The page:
Supermassive black hole is thrown out of galaxy
Undergraduate student Marianne Heida of the University of Utrecht has found what appears to be a supermassive black hole leaving its home galaxy at high speed. As part of an international team of astronomers, this extraordinary discovery appears in a paper in the journal Monthly Notices of the Royal Astronomical Society. [The galaxy studied by Marianne can be seen in the Hubble Space Telescope image above. The white circle marks the centre of the galaxy and the red circle marks the position of the suspected offset black hole. Image: STScI / NASA]
Super-massive black hole is thrown out of galaxy
Royal Astronomical Society Press Release
RAS PN 10/39
11th May 2010
For immediate release
Supermassive black hole is thrown out of galaxy (RAS PN 10/39)
Undergraduate student Marianne Heida of the University of Utrecht has found what appears to be a supermassive black hole leaving its home galaxy at high speed. As part of an international team of astronomers, this extraordinary discovery appears in a paper in the journal Monthly Notices of the Royal Astronomical Society.
For her final year project, Marianne worked at the SRON Netherlands Institute for Space Research, used the Chandra Source Catalog (made using the orbiting Chandra X-ray Observatory) to compare hundreds of thousands of sources of X-rays with the positions of millions of galaxies. Normally each galaxy contains a supermassive black hole at its centre. The material that falls into black holes heats up dramatically on its final journey and often means that black holes are strong X-ray sources.
X-rays are also able to penetrate the dust and gas that obscures the centre of a galaxy, giving astronomers a clear view of the region around the black hole, with the bright source appearing as a starlike point. Looking at one galaxy in the Catalog, Marianne noticed that the point of light was offset from the centre and yet was so bright that it could well be associated with a supermassive black hole.
The black hole appears to be in the process of being expelled from its galaxy at high speed. Given that these objects can have masses equivalent to 1 billion Suns, it takes a special set of conditions to cause this to happen.
Marianne’s newly-discovered object is probably the result of the merger of two smaller black holes. Supercomputer models suggest that the larger black hole that results is shot out away at high speed, depending on the direction and speed in which the two black holes rotate before their collision. In any case, it provides a fascinating insight into the way in which supermassive black holes develop in the centre of galaxies.
Marianne’s research – which was carried out under the supervision of SRON researcher Peter Jonker - suggests this discovery may be only the tip of the iceberg, with others subject to future confirmation using the Chandra Observatory. She comments: "We have found many more objects in this strange class of X-ray sources. With Chandra we should be able to make the accurate measurements we need to pinpoint them more precisely and identify their nature."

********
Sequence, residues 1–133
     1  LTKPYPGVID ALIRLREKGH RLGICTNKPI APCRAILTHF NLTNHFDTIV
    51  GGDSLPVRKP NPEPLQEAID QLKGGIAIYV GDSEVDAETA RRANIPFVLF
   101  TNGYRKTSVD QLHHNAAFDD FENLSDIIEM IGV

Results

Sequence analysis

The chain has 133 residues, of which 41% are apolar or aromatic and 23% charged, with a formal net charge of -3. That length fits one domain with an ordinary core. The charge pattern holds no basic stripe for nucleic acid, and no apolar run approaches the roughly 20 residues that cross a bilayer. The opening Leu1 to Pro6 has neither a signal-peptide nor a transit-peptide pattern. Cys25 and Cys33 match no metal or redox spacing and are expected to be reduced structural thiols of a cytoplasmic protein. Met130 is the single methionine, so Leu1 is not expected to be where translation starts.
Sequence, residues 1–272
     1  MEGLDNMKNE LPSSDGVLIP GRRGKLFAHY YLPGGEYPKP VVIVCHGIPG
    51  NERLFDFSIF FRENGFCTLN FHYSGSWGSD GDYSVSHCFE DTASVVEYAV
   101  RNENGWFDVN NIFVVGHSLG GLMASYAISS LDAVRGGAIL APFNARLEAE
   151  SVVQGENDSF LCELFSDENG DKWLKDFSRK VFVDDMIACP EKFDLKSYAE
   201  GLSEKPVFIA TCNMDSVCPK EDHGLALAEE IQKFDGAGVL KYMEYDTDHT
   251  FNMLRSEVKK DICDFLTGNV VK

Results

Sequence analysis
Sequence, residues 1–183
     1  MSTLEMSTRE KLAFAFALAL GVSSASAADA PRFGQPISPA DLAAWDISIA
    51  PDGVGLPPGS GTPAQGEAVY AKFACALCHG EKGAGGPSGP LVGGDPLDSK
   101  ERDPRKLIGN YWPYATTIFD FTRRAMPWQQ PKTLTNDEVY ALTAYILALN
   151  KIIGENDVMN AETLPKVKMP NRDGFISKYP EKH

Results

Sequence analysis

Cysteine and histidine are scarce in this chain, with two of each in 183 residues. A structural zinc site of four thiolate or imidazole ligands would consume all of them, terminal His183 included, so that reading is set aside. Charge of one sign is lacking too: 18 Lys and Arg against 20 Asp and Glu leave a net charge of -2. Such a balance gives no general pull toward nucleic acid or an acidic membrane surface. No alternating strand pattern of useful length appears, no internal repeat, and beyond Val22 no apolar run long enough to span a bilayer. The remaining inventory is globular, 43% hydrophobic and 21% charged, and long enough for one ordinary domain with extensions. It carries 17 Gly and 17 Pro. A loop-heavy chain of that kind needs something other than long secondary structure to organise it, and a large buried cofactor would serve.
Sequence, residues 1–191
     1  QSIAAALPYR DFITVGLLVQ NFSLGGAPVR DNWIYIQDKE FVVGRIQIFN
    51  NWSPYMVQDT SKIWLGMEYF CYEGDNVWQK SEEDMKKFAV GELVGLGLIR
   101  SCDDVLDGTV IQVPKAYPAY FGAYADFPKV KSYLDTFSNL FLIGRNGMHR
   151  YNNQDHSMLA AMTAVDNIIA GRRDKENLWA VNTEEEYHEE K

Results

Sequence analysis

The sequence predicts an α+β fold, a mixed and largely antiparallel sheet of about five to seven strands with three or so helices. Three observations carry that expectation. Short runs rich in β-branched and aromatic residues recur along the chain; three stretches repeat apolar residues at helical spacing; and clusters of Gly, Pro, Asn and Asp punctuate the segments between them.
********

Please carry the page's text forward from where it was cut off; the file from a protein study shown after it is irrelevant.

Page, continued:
Finding more recoiling black holes will provide a better understanding of the characteristics of black holes before they merge. In future, it might even be possible to observe this process with the planned LISA satellite, an instrument capable of measuring the gravity waves that the two merging black holes emit. Ultimately this information will let scientists know if supermassive black holes in the cores of galaxies really are the result of many lighter black holes merging together.
Dr. Peter Jonker
SRON Netherlands Institute for Space research
Tel: +31 88 777 5877
Dr Robert Massey
Royal Astronomical Society
Tel: +44 (0)20 7734 3307 x. 214
Mob: +44 (0)794 124 8035
An image of the system observed by Marianne Heida can be found at http://www.sron.nl/index.php?option=com_content&task=view&id=2709&Itemid=588
Caption: A Hubble Space Telescope image of the galaxy studied by Marianne Heida. The white circle marks the centre of the galaxy and the red circle marks the position of the suspected offset black hole. Image: STScI / NASA
NOTES FOR EDITORS
The research results have been accepted for publication in the journal Monthly Notices of the Royal Astronomical Society, under the title "A bright off-nuclear X-ray source: a type IIn supernova, a bright ULX or a recoiling super-massive black hole in CXO J122518.6+144545". The authors are: Peter G. Jonker (SRON), Manuel A.P. Torres (Harvard-Smithsonian Center for Astrophysics), Andy C. Fabian (Cambridge), Marianne Heida (Utrecht), Giovanni Miniutti (Centro de Astrobiologia), Dave Pooley (Wisconsin). A preprint of this paper can be seen at http://arxiv.org/abs/1004.5379
Marianne Heida carried out her research at SRON Netherlands Institute for Space Research in Utrecht under the supervision of Dr Peter Jonker.
The Royal Astronomical Society (RAS: www.ras.org.uk), founded in 1820, encourages and promotes the study of astronomy, solar-system science, geophysics and closely related branches of science. The RAS organizes scientific meetings, publishes international research and review journals, recognizes outstanding achievements by the award of medals and prizes, maintains an extensive library, supports education through grants and outreach activities and represents UK astronomy nationally and internationally. Its more than 3000 members (Fellows), a third based overseas, include scientific researchers in universities, observatories and laboratories as well as historians of astronomy and others.